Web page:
A hundred years young… almost!

The young Jesuit Kelwin Monteiro promptly agreed and shared a copy of the latest issue of Dor Mhoineachi Rotti. It is now online and free to access here.

Kelwin wrote:

As assured, kindly find attached to this mail the January issue of the Dor Mhoineachi Rotti.  Feel free to put it on any website or  blog, so that it reaches to the maximum number of people!  I will send you the issues every month! This is the 99th year of its publication.  The year 2015-16 would be the Centenary Year of publication!

Great going… The magazine is in Romi Konkani (or, as sometimes interestingly called, Amchi Bhaas).  It is priced at Rs 10 per issue, Rs 100 for a year’s subscription, and Rs 500 via airmail to any overseas address.

You can contact its editorial office at the Thomas Stephens Konknni Kendr, BB Borkar Road, Alto Porvorim, Goa 403521
Phone +91-832-2415857 or 2415864 email dmrddgoa@gmail.com Or via Kelwin Monteiro, +91-832-2415863 or +91-9975912308 (mobile) and kelwinmonteiro@jesuits.net and kelwinmonteiro@gmail.com

The official description says:

Dor Mhoineachi Rotti is a monthly magazine in Konkani that seeks to promote the devotion of the Sacred Heart of Jesus and provide instruction of the Catholic faith to the Konkani-speaking people.

I found an earlier post about it which said: Dor Mhoineachi Rotti is a decades-old monthly (once even published from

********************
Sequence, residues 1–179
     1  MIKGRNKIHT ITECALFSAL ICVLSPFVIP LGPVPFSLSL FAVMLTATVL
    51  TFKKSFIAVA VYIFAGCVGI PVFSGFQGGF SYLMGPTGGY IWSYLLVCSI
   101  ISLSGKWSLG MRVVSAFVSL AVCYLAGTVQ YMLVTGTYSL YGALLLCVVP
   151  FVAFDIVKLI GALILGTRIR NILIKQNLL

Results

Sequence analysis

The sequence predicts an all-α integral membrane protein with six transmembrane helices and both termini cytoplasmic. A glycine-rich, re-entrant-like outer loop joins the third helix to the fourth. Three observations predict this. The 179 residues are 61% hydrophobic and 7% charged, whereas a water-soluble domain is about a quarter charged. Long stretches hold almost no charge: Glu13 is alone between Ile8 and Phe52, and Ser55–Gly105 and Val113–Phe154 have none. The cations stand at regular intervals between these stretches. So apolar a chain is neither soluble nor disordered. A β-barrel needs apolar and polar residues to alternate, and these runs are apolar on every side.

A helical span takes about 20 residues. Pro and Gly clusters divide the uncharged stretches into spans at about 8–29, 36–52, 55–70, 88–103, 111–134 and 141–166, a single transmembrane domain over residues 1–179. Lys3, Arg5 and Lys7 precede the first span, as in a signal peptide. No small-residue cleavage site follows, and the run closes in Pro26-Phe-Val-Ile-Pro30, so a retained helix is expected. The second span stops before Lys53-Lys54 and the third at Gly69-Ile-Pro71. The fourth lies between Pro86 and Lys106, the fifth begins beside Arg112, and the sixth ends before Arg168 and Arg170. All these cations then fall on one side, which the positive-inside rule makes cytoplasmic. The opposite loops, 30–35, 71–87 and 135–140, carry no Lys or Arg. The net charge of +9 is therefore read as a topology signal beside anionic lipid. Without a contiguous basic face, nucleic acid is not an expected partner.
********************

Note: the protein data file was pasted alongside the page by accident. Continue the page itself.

Karachi, Pakistan) in Konkani that focuses on religious and social issues.  It is now out in a new format, and priced at Rs 10 for a single issue….”

And, just to remind myself, this is what I had written in 2006:

Dor Moineachi Rotti (Our Monthly Bread), a 96-year-old publication, first out in 1915, is being revived by the Jesuits, from the Thomas Stevens Konknni Kendr at Alto Porvorim.  It’s  editors are Frs Ave Maria Afonso and Matev (Matthew) Almeida, sj. Recently, I ran into its December 2006 issue. It’s the 90th year of publication (must have skippedsome years). Vol 90, Issue 12.

Religious articles here: an editorial, Fr Manuel P  Gomes on St Francis de Sales, Gospel readings, Tomazinho Cardozo on Kristanv ani Rajkaronn (The Christian and Politics): Amche hokk ani kortovya vollkun gheum-ia (recognising our rights andduties), an interview with Fr Almir de Souza who recently visited Canada, a children’s section, Edson Fernandes of Chorao on the sacraments, news from the “Catholic world”, a question-answer column, letters-to-editor, EJA Fernandes on “amkam xanti di”, school students’ brief essays, another  experience of Christmas by Antonette Fernandes of Velim, A quiz (in Konkani, with a Rs 100 prize), a report from Rachol seminary by Cosme Pereira, a report on the ten new priests (from Candolim,Taleigao, Macazana, Fatorda, Navelim, Tollecantto, Aquem, Colva, Grace Church Margao and Panjim) who joined priesthood recently, the Papal message…. It’s a simple 36-page magazine.  With a two-colour colour cover, and printed in B&W.

You can know more about it by writing to tskk at ….It costs Rs 50 per year in Goa (if you subscribe till December end).  After that, it catches up with inflation and costs Rs 100 per year.  Abroad, Rs500 per year, via airmail.